Digital: Alter Mann

by Beauchamp Art

Alter Mann 01

Alter Mann

This is another 3D sculpture of an elderly, bearded man. Perhaps the digital sculpture appeals as a superior way of preserving the living, to embody them in a electronic form with greater depth than photographs, moulded from memory, rather than just the binary nodes of a light sensor in a digital camera. In the death of my grandfather I see death as a more familiar companion, even more so than with the passing of other relatives, now that I wear his coats, walk in his shoes, furrow the same brow, strain my eyes behind similar spectacles, and ache with the joints of a form more elderly than years should indicate.
By giving the dead a form the mind can make them inhabit, they are giving an appearance of life, an illusion of necromancy born into the beginning of the post-human epoch.

Alter Mann 02

Alter Mann is the German for ‘Old Man’, which is both a description of the figure, but also a reference to my grandfather again, as one who spoke High German, and frequently visited church, so ‘Alter’ can be seen as a play on words, deliberately confusing it with ‘Altar’, as in church altar. Also, a secondary trans-lingual pun is taking place, as to ‘alter’ is to stimulate a change in state, as the man ages and dies, he changes but remains constant, his post-mortem digitisation another change in state; the memory alters with its constant re-contextualising. Each incarnation in the form of a digital sculpture made from memory rather than reference to specific flat images could be seen to finding new ways of embodying his form the mind, remaining in a state of constant flux, constantly altering.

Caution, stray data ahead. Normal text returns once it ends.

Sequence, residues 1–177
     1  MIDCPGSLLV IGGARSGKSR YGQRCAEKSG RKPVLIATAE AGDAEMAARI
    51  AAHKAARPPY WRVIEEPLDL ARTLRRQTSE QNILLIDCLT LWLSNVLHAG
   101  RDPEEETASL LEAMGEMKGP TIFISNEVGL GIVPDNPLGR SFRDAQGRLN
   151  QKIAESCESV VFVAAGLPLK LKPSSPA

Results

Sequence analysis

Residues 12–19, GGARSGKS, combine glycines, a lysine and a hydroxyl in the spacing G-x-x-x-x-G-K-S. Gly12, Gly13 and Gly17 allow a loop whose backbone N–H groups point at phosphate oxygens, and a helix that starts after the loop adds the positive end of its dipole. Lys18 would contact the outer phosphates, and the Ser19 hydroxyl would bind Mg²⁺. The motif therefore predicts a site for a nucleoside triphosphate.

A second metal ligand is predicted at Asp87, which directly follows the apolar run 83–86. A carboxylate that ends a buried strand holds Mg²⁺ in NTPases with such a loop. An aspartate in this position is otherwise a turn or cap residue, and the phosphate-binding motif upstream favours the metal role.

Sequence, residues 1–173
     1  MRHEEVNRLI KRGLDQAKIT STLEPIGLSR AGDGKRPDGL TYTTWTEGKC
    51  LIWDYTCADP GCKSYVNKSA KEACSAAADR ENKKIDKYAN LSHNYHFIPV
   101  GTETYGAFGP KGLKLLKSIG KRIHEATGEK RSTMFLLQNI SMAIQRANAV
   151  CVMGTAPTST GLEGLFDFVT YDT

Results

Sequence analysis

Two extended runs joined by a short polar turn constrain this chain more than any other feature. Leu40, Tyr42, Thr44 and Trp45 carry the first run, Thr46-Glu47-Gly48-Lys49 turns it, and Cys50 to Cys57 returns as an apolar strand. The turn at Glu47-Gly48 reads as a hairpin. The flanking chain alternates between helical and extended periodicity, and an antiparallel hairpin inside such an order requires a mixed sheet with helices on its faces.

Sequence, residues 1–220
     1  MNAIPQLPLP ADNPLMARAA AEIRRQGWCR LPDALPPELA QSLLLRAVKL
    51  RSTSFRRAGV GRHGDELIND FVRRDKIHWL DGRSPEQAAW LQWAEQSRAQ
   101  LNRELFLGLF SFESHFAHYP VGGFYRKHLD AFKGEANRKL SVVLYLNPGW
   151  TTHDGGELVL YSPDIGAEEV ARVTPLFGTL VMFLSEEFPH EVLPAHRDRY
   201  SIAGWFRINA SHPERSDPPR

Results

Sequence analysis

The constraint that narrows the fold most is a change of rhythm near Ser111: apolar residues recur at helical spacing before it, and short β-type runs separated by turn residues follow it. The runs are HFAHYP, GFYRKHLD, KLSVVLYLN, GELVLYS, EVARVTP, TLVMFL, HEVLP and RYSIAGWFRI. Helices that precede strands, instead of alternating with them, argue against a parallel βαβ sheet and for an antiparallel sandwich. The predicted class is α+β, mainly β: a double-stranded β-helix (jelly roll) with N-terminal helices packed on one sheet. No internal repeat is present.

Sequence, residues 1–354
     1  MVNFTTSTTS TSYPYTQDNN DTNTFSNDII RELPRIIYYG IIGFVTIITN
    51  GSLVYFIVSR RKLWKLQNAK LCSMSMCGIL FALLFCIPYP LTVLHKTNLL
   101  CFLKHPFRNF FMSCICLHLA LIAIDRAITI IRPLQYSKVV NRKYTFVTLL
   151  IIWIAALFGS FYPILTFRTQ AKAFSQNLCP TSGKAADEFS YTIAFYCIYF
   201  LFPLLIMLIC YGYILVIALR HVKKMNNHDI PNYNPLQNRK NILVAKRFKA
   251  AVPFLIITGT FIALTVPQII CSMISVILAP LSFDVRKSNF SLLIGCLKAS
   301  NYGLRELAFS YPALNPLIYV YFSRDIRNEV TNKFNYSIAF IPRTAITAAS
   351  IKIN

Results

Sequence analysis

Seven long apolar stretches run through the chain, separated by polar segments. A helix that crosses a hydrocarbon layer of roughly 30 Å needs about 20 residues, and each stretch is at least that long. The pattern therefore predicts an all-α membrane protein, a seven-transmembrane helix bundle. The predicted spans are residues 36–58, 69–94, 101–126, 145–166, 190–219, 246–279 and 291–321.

Unser Großvater unser im Himmel, dein Name werde geheiliget.

Alter Mann 03

In this sculpture I decided to compartmentalise the body more, though at this point I did not resolve to complete the rest of the body to the same level of detail as the head. This mean having a separate block for the head, eyes, neck/shoulders, ribs/chest, stomach/lower torso, pelvis/buttocks, thighs, shins, feet, upper arm, for arm, and hands. If I had the time, the hands would have been completed more finely, with each digit made of multiple sections, and the same with the foot, breaking up limbs into sections that move separately. However, the beard and hair were included in the main model, but should have been treated separately, especially if I wanted to animate individual moving hair follicles or hair clumps.

Alter Mann 04

This would enable me to rig the figure for rudimentary animation. However, as I did not construct the body building from the skeleton to muscles to fatty tissue to skin, it could not be animated very organically. However, it is still useful practicing modelling exterior surfaces, though if I want to create a better skin texture, I will be required to make more custom brush modes for the software than I already have done (primarily using two; one rough and uneven, the other being short parallel lines, useful for hair and wrinkle textures).

Alter Mann 05

Nevertheless, as I am not familiar with 3D animation software, this would be a fairly considered line of investigation, though there are various freeware package available, such as Blender, and rendering software (used for lighting, environmental effects, and further animating) such as Pixar’s Renderman. However, I shall not rule out using such programs in the future (once the basic principals and interfaces of any software are understood, one can simply apply the logic of other programs and similar devices to that software to effectively grasp its key facilities within a relatively short time frame. As I have experience with 2D stop-motion animation, 3D digital and physical sculpture, and video editing, then the only real issue is coming these alongside the unique spacio-dynamics of the 3D environment).

Alter Mann 06

Moreover, I did not digital paint the figure primarily due to time considerations, and the software, Sculptris, does not enable multi-layered texture mapping, but does allow the user to paint directly onto the model, rather than having to ‘unwrap’ the shapes and work on them flat. Hence I selected a somewhat flesh-like light clay texture (the more peachy tones looked bizarre with the hair, bear and eyes.

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